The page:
Shockingly -- in recorded history, no human being or group of human beings have ever FULLY examined all that is (unless one counts Jesus Christ). There are truly NO experts within the scientific community. Any scientist who would contend that they are an expert is a person of deep and irrational faith. What presuppositions do so called scientists base their knowledge upon? Presuppositions are a requirement when one steps outside of the natural/observable world and into the philosophical (i.e., Creationism or Evolutionism).


"O Timothy, keep that which is committed to thy trust, avoiding profane and vain babblings, and oppositions of science falsely so called: Which some professing have erred concerning the faith. Grace be with thee. Amen." 1 Timothy 6:20-21 (KJV)

Gordon J. Glover said...

Anonymous said: "Shockingly -- in recorded history, no human being or group of human beings have ever FULLY examined all that is..."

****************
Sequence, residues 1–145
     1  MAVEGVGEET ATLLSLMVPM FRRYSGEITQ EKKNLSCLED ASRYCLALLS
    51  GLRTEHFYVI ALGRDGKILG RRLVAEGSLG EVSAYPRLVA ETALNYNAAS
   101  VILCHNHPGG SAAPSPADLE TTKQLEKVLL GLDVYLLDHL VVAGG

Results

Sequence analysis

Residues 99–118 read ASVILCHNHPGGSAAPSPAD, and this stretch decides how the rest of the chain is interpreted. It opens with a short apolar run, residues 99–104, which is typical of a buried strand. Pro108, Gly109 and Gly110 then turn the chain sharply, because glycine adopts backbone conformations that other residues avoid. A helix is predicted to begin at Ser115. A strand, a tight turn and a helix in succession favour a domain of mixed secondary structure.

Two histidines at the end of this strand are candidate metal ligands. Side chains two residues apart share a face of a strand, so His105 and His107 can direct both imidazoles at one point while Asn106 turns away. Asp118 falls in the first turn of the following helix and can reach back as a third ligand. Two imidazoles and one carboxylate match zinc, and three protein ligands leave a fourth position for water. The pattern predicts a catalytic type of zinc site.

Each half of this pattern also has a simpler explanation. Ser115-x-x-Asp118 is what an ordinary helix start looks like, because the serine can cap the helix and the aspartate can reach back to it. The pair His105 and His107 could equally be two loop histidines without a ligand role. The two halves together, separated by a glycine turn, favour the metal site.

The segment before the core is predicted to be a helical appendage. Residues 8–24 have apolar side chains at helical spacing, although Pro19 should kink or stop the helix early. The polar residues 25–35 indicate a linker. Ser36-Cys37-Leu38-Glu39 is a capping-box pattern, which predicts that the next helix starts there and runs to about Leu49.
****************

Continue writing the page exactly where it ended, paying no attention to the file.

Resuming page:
Just curious, did an "expert" on the history of human knowledge tell you that? Or did you yourself "fully examine" everyone who has ever lived?

I believe Douglas' point is this: most parents will blindly trust the science "approved" by other Christian organizations, and are not themselves prepared to evaluate scientific-sounding claims that have been largely discredited by those who posess the training, qualifications and experience to properly evaluate them.

Anonymous said...

How many times, Gordon, have we heard something like this:

"Answers are forthcoming"

or this:

"Scientist are open to scratching out and re-writing their interpretation of data. That's the beauty of science."


I just can't buy into the notion that "experts in their field" have perfect knowledge or unbiased training.


"Just curious, did an "expert" on the history of human knowledge tell you that? Or did you yourself "fully examine" everyone who has ever lived?" - Gordon

Oh, pardon me. Have we added a person with perfect knowledge to the genius book of world records? By what objective standard was that determined? Who was on the selection committee? Surely, they had no bias or imperfection.

Look, I'm sorry for blowing off steam and I really am.

What truly irks me on this subject is not that educators want to find accurate material (they should, I'm an educator). I'm disturbed to think that intelligent people actually think that we have access to definitive, unbiased views of science from any source other than God.